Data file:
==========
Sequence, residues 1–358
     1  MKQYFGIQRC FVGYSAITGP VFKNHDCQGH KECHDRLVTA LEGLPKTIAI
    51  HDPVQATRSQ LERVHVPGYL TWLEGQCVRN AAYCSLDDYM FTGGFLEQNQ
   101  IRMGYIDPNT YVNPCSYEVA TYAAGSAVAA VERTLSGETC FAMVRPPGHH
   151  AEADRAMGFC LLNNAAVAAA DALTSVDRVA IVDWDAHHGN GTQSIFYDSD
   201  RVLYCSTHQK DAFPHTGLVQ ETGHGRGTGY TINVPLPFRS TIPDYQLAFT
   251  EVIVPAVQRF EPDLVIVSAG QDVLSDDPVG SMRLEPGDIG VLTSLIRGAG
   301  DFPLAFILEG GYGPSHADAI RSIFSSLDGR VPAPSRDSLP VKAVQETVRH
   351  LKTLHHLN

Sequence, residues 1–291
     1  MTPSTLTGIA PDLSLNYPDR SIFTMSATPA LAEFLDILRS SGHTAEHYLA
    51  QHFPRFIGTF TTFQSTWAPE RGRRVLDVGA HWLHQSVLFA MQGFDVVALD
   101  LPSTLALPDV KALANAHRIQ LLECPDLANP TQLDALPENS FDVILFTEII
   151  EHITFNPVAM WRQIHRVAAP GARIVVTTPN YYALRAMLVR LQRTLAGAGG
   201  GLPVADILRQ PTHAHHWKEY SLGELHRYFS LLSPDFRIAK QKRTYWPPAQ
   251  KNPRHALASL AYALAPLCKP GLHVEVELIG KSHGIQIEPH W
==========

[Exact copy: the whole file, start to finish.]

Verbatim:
Sequence, residues 1–358
     1  MKQYFGIQRC FVGYSAITGP VFKNHDCQGH KECHDRLVTA LEGLPKTIAI
    51  HDPVQATRSQ LERVHVPGYL TWLEGQCVRN AAYCSLDDYM FTGGFLEQNQ
   101  IRMGYIDPNT YVNPCSYEVA TYAAGSAVAA VERTLSGETC FAMVRPPGHH
   151  AEADRAMGFC LLNNAAVAAA DALTSVDRVA IVDWDAHHGN GTQSIFYDSD
   201  RVLYCSTHQK DAFPHTGLVQ ETGHGRGTGY TINVPLPFRS TIPDYQLAFT
   251  EVIVPAVQRF EPDLVIVSAG QDVLSDDPVG SMRLEPGDIG VLTSLIRGAG
   301  DFPLAFILEG GYGPSHADAI RSIFSSLDGR VPAPSRDSLP VKAVQETVRH
   351  LKTLHHLN

Sequence, residues 1–291
     1  MTPSTLTGIA PDLSLNYPDR SIFTMSATPA LAEFLDILRS SGHTAEHYLA
    51  QHFPRFIGTF TTFQSTWAPE RGRRVLDVGA HWLHQSVLFA MQGFDVVALD
   101  LPSTLALPDV KALANAHRIQ LLECPDLANP TQLDALPENS FDVILFTEII
   151  EHITFNPVAM WRQIHRVAAP GARIVVTTPN YYALRAMLVR LQRTLAGAGG
   201  GLPVADILRQ PTHAHHWKEY SLGELHRYFS LLSPDFRIAK QKRTYWPPAQ
   251  KNPRHALASL AYALAPLCKP GLHVEVELIG KSHGIQIEPH W